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Gracing the landscape of a small town as long as it has, the “Hitchcock House” has intrigued a little part of everyone who ever grew up in Farwell. Next door to the school many generations of school children play by one of only two buildings in Clare County listed on the National Historic Register.
I was lucky enough to be on a tour of the home several weeks ago with several other Clare County Historical Society members.
Also referred to as the Fuller-McGuire House, it was designated a Michigan State Historic Site in 1996. It was built in the 1880s by George and Martha (Hall) Hitchcock, early pioneers and prominent citizens of Farwell. It has been family home, bed and breakfast, and the largest home in Farwell for more than a century.
The prestigious Detroit architects Mason and Rice designed the home and built on the former courthouse square lots after the county courthouse burned in 1876 and was moved to Harrison. The Hitchcocks’ daughter, Alice Fuller, later inherited the house and it was her family’s home.
The home suffered a fire and was slated for demolition until 13 years ago when Dave and Kay Williams bought the house and began their labor of love restoring the home.
When asked why they bought the house, Dave said, “So it wouldn’t be torn down. It was for sale, but no buyers were coming forward and the owners talked about tearing it down.”
They’ve collected old photos, art and anything to do with the house as they have gone through the restoration process. A few things have been found in the walls of the home, such as a letters and old newspapers.
Dave Williams is the fire chief of Surrey Township Fire Department and, ironically, he was on the crew that was called to the fire that destroyed the Farwell Mills. The mill was built by the original owner of the home he lovingly cares for now, George Hitchcock. While the Williamses are owners of the home, they consider themselves caretakers of the house so future generations can appreciate its history. Of course, the house is now wired with a good fire protection system and its location across the street from the fire department likely saved it during the first fire.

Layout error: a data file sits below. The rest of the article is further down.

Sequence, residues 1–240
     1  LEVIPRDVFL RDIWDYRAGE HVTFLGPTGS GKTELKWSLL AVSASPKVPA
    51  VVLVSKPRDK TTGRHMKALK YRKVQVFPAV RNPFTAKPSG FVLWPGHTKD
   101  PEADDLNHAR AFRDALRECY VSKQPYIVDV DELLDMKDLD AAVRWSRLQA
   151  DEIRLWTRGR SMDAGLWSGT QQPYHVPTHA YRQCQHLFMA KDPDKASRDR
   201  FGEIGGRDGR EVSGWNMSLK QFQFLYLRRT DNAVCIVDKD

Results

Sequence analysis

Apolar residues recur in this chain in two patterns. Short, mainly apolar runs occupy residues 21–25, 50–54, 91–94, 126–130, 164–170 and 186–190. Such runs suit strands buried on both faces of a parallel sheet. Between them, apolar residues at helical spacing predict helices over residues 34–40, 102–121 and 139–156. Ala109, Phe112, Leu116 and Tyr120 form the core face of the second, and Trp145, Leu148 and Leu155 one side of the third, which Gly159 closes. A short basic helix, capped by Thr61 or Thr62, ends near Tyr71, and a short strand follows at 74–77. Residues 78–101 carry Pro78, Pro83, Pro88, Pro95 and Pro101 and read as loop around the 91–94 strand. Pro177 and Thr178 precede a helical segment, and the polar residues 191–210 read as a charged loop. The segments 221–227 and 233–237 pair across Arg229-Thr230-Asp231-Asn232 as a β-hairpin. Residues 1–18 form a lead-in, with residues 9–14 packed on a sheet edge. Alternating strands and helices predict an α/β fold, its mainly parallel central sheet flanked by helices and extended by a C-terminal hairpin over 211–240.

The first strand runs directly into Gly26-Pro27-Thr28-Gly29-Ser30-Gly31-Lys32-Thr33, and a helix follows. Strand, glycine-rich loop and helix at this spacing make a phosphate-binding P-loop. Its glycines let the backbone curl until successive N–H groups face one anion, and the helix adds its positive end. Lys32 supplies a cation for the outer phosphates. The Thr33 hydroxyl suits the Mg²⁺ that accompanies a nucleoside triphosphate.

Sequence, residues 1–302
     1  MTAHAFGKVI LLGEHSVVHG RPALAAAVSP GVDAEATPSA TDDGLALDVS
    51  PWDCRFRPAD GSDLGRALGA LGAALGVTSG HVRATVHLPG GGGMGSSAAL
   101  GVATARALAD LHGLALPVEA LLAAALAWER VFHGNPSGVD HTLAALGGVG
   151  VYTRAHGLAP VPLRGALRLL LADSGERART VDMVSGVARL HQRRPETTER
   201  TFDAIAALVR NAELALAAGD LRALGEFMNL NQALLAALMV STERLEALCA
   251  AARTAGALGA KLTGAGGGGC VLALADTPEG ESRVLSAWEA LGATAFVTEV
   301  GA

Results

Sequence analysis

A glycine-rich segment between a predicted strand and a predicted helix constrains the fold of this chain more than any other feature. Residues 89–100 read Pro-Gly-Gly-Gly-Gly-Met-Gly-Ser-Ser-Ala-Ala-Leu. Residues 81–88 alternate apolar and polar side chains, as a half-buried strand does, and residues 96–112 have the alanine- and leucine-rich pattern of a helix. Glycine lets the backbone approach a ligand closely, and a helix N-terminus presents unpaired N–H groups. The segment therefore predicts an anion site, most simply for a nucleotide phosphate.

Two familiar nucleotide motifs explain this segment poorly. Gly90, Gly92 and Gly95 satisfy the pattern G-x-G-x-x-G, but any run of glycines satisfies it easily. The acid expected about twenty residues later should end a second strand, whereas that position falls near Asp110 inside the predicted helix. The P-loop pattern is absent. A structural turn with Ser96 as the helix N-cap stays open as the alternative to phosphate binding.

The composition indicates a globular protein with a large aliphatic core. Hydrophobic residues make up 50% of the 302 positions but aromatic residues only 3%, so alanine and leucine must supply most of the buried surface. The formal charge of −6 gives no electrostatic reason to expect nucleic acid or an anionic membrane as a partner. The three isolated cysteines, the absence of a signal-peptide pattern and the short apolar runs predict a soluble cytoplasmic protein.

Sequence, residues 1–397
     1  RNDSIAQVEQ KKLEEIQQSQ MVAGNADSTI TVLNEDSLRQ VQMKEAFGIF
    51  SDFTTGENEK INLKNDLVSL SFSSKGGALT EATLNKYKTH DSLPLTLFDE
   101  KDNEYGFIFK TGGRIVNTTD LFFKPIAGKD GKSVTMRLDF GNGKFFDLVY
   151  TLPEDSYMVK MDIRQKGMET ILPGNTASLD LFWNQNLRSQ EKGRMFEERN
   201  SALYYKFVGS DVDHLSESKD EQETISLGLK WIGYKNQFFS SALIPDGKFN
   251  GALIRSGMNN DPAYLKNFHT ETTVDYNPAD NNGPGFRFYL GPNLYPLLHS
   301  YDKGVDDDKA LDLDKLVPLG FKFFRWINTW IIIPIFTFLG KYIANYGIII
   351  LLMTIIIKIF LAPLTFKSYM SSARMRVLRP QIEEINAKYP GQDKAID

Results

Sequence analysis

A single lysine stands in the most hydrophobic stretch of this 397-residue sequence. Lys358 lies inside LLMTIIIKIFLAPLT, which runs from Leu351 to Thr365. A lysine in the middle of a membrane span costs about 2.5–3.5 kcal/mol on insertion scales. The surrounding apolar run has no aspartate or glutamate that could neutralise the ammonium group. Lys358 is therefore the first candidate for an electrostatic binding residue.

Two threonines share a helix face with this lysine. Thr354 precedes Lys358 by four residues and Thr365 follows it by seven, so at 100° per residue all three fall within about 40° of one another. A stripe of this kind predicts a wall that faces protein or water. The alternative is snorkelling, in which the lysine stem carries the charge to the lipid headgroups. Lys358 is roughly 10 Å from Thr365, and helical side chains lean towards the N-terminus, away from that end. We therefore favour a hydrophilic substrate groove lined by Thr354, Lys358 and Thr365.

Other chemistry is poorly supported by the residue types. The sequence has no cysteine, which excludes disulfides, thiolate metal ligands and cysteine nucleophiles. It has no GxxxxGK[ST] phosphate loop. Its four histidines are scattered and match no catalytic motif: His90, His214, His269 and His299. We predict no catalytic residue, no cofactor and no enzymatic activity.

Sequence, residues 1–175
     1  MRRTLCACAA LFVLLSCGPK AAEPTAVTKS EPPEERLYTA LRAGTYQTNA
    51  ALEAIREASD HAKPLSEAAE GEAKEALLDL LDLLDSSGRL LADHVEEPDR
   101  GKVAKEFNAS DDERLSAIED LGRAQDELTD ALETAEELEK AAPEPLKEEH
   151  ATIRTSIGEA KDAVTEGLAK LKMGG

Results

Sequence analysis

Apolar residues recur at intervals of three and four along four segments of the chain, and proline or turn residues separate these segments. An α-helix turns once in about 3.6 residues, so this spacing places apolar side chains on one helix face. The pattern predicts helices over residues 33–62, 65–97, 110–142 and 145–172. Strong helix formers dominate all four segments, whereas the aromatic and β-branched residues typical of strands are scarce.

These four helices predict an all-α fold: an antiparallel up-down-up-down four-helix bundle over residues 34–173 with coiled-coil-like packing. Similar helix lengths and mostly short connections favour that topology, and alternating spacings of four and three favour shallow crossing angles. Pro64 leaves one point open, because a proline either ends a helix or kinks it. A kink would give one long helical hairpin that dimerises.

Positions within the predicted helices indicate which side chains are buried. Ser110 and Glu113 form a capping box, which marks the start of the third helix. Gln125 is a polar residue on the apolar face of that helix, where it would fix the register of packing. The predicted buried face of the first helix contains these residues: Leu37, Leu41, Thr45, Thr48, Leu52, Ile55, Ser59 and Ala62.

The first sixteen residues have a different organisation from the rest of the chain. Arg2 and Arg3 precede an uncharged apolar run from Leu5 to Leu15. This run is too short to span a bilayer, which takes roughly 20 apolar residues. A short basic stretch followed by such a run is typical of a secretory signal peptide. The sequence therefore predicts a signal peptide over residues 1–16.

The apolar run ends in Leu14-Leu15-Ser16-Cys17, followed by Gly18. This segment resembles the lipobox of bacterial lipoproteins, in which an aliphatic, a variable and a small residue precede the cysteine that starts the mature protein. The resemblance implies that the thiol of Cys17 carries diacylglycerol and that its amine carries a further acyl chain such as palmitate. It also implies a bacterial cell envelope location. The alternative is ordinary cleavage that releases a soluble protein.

The first-floor restoration is complete except for custom building pocket doors. The second floor is mostly complete, and the third floor is where the fire damage is still evident with a lot of work ahead. Details that make restoration more difficult are curved walls, large detailed woodwork, and Dave’s biggest project, custom building replacement doors for many of the rooms. Dave’s large list of things to be done seems daunting but considering the work that has already been done, there is no doubt they will keep working on the house.
Kay and her granddaughter are constantly in the market for items to fill in missing pieces. When light fixtures or hardware are missing, they look for historically correct suitable replacements.
Looking out the window of the third floor is the best bird’s-eye view of Farwell. If you can fall in love with a house, and I believe you can, this house gets in your heart quickly. It’s easy to see why the Williamses have painstakingly scraped paint, cleaned, restored and sometimes spent their last dollar on the house at 205 E. Michigan St.
The common question of “Is it haunted?” is answered without hesitation: “Yes.” Footsteps, door opening and closing, and unexplained noises don’t bother the Williamses. It’s all part of owning a special piece of Farwell history.